Toy Boats and Oil Tankers: The Advantages of Being a New Hotel Brand
If you were an emerging hotel brand entering the market today—if you were in the process of refining your brand identity—what decisions would you make? If you had a totally clean slate, how would you conceive your hotel’s layout, design, amenities, promotions, name, logo, and web site?
Emerging hotels don’t have to deal with the formidable task of reinventing themselves—at least not yet. Their business models and brand identities are malleable. Established brands have more resources, yes—but also more momentum, which means they are already committed to a particular, course and it is difficult to change this without a lot of heartache and commitment. It’s like getting a fleet of oil tankers to shift course is more difficult than building a toy boat and sending it downstream.
Not that emerging hotel brands are toys, mind you. They’re serious investments. That’s why their marketing teams are working so hard.
These questions as to how you would make decisions with a clean slate are worth asking because it invites the disruption of established patterns. It inspires all hotels—established or new, large or small, five stars or two stars—to find a clearer perspective on what people want out of a hotel brand.
Take Virgin Hotels, for example. This is by no means an unknown startup, but Virgin is new to the hotel sector. They’ve never done it before, until now. They’ve already opened a property in Chicago, and they’re set to open in New York, Dallas, Palm Springs and Nashville. So what’s their style? What are they offering?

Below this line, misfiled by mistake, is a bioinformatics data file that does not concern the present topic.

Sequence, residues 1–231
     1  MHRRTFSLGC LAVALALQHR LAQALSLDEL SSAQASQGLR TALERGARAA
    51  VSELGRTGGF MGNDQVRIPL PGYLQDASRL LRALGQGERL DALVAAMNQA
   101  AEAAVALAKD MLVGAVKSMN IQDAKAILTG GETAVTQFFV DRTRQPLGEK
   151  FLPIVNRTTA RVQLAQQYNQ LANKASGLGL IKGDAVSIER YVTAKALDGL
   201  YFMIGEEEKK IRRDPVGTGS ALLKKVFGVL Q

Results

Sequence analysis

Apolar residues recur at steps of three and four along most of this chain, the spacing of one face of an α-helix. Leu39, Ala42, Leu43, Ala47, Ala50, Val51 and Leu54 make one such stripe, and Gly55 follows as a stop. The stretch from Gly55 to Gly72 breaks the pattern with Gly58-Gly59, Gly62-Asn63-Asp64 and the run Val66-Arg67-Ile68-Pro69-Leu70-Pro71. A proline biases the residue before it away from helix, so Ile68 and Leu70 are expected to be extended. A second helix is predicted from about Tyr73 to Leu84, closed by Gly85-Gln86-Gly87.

The company’s animated promotional video conveys a very simple message: “Our model solves a whole bunch of problems that matter.” Local flavour, communal spaces, sensible layouts and a down-to-earth approach that does away with pesky add-ons and hidden charges. Virgin is already known for being cool and accommodating, so their hotel offering fits naturally with this larger brand.
What about established hotel brands? They, too, have something to say. In 2015 Radisson launched Radisson Red, which seems almost farcical to non-millennial travelers. Local artwork, designer fittings, smaller rooms, ping pong tables and chairs that don’t match. It’s all about flavour and improv. It’s about (again) local culture, each location being distinct from the next. It’s as if Virgin, Radisson and other like them are asking: If we could beat AirBnb at their own game, what would it look like?
Now consider the many emerging or micro brands you’ve never heard of. Proper, Moxy, tommie, 1Hotels. They’re popping up everywhere—and whatever they’re doing, they seem confident about it. These new brands all seem to be asking not only the AirBnb question, but the “how can we make it better” question that Millennials in particular have been credited with asking about a great many things. How can we make coffee better? How can we make excellent food more casual? How can we break old patterns in fashion, shaving, banking, flying, or any product/service/experience we care to mention?
New hotels have the opportunity to get in where the action is, put their finger on the pulse of the industry today, and find a way to create their own disruption. A departure from traditional values can be a disruption. A return to traditional values can be a disruption. It will be one disruption after another until every traveler on planet earth is 100% satisfied with the hospitality options available to them, and this will never happen. That’s the nature of any competitive industry. It never stops changing.
So yes, it’s an exciting time to be a new hotel brand—but there is no one recipe for success. There’s only a fluid understanding of what the industry looks like today, what it will look like tomorrow, and how any one offering can occupy a relevant place within that shifting oceanic landscape between a tanker and a toy boat.
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